Life humbles us quickly. We spend so much time believing we alone know what is right for ourselves. But sometimes we are encouraged to take unexpected paths that lead us where we need to be.
My name is Tionna Evans. I’m a communications major at the University of Arkansas at Pine Bluff. As I was wrapping up my sophomore year this spring, I was looking forward to a fun-filled summer of travel, parties and leisure time.
My career coach had other ideas. She encouraged me to apply for an internship with the Walton Family Foundation, which has supported students from UAPB for summer positions the past three years.
I’ve worked as a sports reporter and I love telling stories. So the chance to work in communications for a national philanthropy seemed like a great opportunity to develop those skills.
I took the leap and applied. It’s been one of the best experiences of my life.
Working with the foundation has exposed me to the value of community collaboration, the importance of inclusive education and the impact that storytelling can have on driving change in the world.
It’s also taught me about the power of personal connections, the importance of listening to diverse perspectives and never settling for less than I expect for myself.
The power of personal relationships
It turns out that camping is one of the best ways for new colleagues to build bonds!
At the very start of my time at the foundation in Bentonville, Arkansas, my fellow interns and I camped overnight at the Ozark Natural Science Center.
I'm typically not an outdoorsy person (this was my first camping trip ever) but I am always up for an adventure. I imagined that “glamping” would be glamorous. It's in the description, right? But it’s basically sleeping on the ground under a tarp. With bugs.
What I learned is that shared experiences bring people closer together, especially if there’s some shared discomfort. Through that one-night experience in the Ozarks, I formed an unbreakable relationship with my fellow interns. We went on group hikes, competed in nature challenges and took a night walk together.
We laughed and cried together, and complained A LOT. But we were in harmony.
Always challenge yourself, never settle for less
My first major project was helping host a National Public Radio reception in Bentonville, featuring reporters and station directors discussing the importance of community collaboration.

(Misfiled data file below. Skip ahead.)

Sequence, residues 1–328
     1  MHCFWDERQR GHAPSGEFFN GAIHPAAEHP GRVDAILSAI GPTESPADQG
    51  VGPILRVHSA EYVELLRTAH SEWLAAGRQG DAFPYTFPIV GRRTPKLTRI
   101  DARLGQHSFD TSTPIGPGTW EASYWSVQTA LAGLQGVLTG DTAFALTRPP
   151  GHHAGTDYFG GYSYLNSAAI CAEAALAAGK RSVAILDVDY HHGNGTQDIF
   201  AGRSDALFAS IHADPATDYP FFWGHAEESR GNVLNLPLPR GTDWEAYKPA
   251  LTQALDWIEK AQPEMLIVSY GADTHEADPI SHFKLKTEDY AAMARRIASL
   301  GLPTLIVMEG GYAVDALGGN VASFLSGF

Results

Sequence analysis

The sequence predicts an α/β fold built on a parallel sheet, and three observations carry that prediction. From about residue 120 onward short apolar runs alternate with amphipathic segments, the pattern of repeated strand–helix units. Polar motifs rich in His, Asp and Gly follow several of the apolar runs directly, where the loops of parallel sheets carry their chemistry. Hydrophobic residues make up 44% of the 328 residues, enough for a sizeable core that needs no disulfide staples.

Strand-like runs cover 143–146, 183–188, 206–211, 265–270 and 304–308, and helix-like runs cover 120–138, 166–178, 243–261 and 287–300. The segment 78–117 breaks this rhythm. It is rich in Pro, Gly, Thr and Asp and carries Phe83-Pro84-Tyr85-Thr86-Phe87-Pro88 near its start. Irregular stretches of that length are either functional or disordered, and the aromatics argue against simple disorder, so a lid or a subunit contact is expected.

At the reception, I met an NPR reporter from Dallas. He inquired about my motivation for storytelling – to give a voice to the marginalized. His advice – Don't settle and never look back – profoundly impacted me.
It has become my mantra, driving me to constantly challenge myself, exceed my limits and pursue excellence as a writer and storyteller.
Listening to and sharing diverse perspectives
The highlight of my summer was helping organize “Our Future, Our Legacy” in New Orleans. The event provided a platform to share the findings of the foundation’s survey of Black-Gen Z’ers views on their preparedness for life beyond K-12 education. It raised awareness about educational injustices by elevating diverse perspectives and promoting inclusive outcomes. I was inspired to meet and learn from panelists like author Danielle Prescod and author and advocate Blair Imani Ali.
I will never forget the moment when one of the panelists talked about being comfortable with the uncomfortable. "Be comfortable being the 1% in the group. Remember you're in that room for a reason." In times when I feel defeated or uncomfortable, that memory comes to mind. I'm here for a reason.
Building lasting bonds
Throughout my internship, I found the personal connections I made every bit as important as the professional ones.
My fellow interns and I shared our aspirations and supported each other throughout our journey together. Collaborating with them has fostered a deep sense of camaraderie.
They are friends, like J’Mya Smith, who interned with the foundation’s Home Region Program. She cites a meeting of Arkansas nonprofit leaders in Little Rock as a highlight of her experience.
“We discussed ways to authentically reach diverse audiences and challenge dominant narratives about power and accountability in grantmaking,” J’Mya says.
Tendai Musinga interned with the foundation’s Environment Program. She explored the Colorado River Basin, learning about the challenges caused by climate change, drought and water shortages.
“It was an eye-opening experience to witness the dedicated efforts aimed at protecting and restoring the Colorado River,” she says. During a field trip to Wyoming, Tendai met Conservation Corps members who “gave me hope for environmental conservation in the region.”
As my internship comes to an end, I’ve realized I am not ready to leave. From camping trips and hosting national events, to insightful conversations with reporters and collaborating with fellow interns, each experience has left an indelible mark.